From DNA sequences stored on computer databases to archived forensic samples and biomedical records, bioinformation comes in many forms. Its unique provenance – the fact that it is 'mined' from the very fabric of the human body – makes it a mercurial resource; one that no one seemingly owns, but in which many have deeply vested interests.
Who has the right to exploit and benefit from bioinformation? The individual or community from whom it was derived? The scientists and technicians who make its extraction both possible and meaningful or the commercial and political interests which fund this work? Who is excluded or even at risk from its commercialisation? And what threats and opportunities might the generation of 'Big Bioinformational Data' raise?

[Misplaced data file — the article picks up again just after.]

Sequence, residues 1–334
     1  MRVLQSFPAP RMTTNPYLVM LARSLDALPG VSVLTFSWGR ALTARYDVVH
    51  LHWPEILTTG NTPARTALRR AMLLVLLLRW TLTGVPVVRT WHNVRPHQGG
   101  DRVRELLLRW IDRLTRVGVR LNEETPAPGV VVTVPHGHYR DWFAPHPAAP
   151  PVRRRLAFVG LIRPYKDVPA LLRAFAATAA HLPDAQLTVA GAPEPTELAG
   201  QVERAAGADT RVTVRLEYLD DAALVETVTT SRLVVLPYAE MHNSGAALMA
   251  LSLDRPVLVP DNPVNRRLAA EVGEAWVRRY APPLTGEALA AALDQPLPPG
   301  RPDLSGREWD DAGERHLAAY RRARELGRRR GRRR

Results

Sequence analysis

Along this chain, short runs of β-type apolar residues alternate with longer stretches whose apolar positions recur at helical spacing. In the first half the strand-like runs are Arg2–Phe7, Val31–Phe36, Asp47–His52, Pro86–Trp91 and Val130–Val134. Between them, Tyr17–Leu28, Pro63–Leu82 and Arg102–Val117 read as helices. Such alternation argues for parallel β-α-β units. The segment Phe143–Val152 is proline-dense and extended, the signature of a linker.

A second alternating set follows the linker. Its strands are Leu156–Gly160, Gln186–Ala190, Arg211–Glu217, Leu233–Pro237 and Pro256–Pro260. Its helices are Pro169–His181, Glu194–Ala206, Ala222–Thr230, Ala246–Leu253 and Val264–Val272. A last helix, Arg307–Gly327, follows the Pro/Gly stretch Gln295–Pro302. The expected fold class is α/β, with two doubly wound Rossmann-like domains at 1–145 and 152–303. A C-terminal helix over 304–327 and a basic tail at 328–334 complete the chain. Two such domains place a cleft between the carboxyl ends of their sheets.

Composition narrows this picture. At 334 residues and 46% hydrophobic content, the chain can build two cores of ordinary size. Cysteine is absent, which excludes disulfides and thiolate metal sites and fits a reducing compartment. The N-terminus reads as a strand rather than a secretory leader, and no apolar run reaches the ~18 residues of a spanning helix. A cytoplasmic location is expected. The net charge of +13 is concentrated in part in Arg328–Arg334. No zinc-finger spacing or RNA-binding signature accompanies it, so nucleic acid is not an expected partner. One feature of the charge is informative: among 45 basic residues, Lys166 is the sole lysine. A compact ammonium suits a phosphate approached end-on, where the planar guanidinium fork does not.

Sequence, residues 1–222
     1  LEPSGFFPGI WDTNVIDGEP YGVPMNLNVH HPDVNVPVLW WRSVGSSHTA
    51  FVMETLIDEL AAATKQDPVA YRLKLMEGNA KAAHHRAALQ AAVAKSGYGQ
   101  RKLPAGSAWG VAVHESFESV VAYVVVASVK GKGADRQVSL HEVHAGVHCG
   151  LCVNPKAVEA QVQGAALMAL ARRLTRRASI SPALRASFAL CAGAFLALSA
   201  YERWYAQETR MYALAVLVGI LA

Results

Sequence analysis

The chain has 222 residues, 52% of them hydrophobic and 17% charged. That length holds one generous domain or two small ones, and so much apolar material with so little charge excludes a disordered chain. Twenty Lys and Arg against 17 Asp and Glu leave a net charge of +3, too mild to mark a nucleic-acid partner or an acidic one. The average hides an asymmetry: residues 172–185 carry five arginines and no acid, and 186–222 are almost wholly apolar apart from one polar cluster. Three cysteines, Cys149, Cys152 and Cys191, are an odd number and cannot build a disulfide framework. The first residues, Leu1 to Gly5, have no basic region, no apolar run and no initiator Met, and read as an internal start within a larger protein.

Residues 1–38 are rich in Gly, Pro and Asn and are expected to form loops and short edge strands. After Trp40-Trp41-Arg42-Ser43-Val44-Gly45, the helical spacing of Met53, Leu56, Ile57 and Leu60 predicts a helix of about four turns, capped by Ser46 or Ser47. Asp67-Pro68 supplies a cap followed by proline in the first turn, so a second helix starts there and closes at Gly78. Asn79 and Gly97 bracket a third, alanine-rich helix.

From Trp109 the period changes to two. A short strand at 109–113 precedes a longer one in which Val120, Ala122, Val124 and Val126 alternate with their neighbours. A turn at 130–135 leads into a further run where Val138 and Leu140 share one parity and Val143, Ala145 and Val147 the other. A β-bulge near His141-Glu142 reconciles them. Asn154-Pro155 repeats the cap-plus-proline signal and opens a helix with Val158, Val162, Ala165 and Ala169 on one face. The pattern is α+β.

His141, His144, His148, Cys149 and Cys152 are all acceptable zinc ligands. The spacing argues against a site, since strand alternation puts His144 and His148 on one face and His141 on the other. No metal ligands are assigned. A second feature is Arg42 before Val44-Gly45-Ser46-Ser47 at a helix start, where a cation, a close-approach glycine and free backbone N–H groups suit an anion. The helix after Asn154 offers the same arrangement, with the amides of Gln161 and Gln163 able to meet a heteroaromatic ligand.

In this groundbreaking book, authors Bronwyn Parry and Beth Greenhough explore the complex economic, social and political questions arising from the creation and use of bioinformation. Drawing on a range of highly topical cases, including the commercialization of human sequence data; the forensic use of retained bioinformation; biobanking and genealogical research, they show how demand for this resource has grown significantly driving a burgeoning but often highly controversial global economy in bioinformation. But, they argue, change is afoot as new models emerge that challenge the ethos of privatisation by creating instead a dynamic open source 'bioinformational commons' available for all future generations.